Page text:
Industry

OGA approves transfer of Saltfleetby to Angus

saltfleetby site

Current facilities at Saltfleetby site B. Image: Angus Energy

Angus Energy has outlined plans for the Saltfleetby gas site in Lincolnshire after approval of its acquisition of a 51% stake.

The company announced that the Oil & Gas Authority (OGA) had approved the transfer of the licence and operatorship from Wingas Storage UK Ltd.

Shares rose briefly above 1p, for the first time in almost a month, but closed at 0.98p.

Angus managing director, George Lucan said:

“This comes as fantastic news for the Company and opens up a pathway to real production, profits and cashflow without the exploration risk attendant on many other projects.

“This is gas right next door to one of the dozen or so entry points on the NTS system. This is gas producing on a steady and predictable decline curve for 20 years. This is gas to be pulled immediately from two wells which show the same or greater well head pressure than when they were shut in in 2017.”

Angus said it still needed OGA approval for a field development plan and consents from the Environment Agency, Health and Safety Executive and North Lincolnshire Council.

The company said it would seek planning approval for additional equipment on the site and laying pipeline extensions. Design work was underway with National Grid to reconnect the site to the gas network at Theddlethorpe, it said.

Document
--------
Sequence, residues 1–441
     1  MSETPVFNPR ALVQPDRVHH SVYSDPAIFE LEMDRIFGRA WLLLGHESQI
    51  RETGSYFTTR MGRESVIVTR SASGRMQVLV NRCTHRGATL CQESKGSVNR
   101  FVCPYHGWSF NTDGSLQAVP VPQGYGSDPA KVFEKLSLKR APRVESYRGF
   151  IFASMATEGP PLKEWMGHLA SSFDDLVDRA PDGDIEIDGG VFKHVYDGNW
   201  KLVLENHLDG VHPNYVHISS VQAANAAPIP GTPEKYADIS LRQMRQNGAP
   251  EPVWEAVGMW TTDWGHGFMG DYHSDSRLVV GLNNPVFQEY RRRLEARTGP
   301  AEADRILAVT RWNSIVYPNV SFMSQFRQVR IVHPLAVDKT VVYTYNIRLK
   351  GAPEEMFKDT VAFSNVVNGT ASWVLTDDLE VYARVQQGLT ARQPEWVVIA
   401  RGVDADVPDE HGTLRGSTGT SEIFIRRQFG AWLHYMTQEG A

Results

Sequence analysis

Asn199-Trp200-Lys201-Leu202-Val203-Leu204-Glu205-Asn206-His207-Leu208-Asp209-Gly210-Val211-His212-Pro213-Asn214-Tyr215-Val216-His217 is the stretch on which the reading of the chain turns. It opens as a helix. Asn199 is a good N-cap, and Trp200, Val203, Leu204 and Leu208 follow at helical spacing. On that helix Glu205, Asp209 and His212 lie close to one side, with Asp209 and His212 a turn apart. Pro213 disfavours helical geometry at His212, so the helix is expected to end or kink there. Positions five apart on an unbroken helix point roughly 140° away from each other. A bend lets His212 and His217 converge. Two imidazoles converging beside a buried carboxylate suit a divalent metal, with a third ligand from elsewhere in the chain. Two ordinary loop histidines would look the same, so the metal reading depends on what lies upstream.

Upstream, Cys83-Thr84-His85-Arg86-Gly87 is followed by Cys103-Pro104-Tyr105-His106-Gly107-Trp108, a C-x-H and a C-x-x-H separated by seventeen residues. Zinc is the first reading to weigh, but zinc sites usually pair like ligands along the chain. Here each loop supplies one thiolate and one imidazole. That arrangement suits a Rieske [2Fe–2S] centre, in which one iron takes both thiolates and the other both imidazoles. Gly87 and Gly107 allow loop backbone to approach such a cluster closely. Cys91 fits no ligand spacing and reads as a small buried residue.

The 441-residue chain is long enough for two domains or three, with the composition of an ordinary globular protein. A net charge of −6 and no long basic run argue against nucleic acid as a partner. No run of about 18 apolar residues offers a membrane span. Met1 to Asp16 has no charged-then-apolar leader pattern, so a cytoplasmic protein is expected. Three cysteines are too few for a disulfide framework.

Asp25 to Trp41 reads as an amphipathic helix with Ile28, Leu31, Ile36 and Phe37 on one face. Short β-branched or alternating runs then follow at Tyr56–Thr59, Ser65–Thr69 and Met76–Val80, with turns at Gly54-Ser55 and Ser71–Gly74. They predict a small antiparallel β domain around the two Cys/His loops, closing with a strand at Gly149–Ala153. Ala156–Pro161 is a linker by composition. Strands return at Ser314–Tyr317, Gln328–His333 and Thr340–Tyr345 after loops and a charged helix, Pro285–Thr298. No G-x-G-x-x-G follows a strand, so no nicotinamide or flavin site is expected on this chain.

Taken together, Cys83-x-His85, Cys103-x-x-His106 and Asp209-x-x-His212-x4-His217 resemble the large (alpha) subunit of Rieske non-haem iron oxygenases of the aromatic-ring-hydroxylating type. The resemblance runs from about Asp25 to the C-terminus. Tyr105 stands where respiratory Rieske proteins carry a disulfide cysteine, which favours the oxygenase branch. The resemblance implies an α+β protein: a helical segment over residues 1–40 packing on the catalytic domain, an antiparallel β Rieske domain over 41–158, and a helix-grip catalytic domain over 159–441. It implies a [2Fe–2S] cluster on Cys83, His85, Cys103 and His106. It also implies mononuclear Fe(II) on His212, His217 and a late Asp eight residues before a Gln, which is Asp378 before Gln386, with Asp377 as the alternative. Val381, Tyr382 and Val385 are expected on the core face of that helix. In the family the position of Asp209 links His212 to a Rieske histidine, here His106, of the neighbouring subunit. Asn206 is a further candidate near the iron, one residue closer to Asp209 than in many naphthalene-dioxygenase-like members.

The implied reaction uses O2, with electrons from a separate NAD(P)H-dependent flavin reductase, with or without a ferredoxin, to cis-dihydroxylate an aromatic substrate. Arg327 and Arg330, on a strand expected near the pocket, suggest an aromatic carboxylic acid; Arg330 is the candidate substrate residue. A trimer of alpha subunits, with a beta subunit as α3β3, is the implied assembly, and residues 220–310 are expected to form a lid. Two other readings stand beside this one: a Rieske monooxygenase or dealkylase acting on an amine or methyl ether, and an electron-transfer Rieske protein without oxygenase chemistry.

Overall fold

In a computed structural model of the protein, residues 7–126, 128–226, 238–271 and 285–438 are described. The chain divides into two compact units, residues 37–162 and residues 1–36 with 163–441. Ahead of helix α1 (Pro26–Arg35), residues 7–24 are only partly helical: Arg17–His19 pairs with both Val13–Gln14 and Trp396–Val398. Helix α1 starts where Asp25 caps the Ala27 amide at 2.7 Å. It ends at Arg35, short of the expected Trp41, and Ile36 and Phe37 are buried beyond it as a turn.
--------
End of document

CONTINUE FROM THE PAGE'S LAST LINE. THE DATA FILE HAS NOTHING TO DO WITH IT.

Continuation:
Angus also said it had prepared an abandonment plan for two of the eight wells at Saltfleetby to “reduce overall liability of the field”. It said it hoped to carry this out within four to six weeks, subject to regulatory approvals.

Estimated gross production in the first year was 17 million to 19 million therms, Angus said.

The deal with Wingas was completed in June 2019. Angus paid £1 for the field but was criticised for using money intended for decommissioning to reconnect the field.

In October, Angus announced it had taken out a £1.5m loan to pay for decommissioning at its four sites. The cost at Saltfleetby was estimated at £1.25m.

The field was discovered in 1996 after re-entering an exploration well drilled in 1986. It went on stream in December 1999 producing from Early Wesphalian sandstones.

Wingas, which has been renamed Saltfleetby Energy, owns the remaining 49% of the field.

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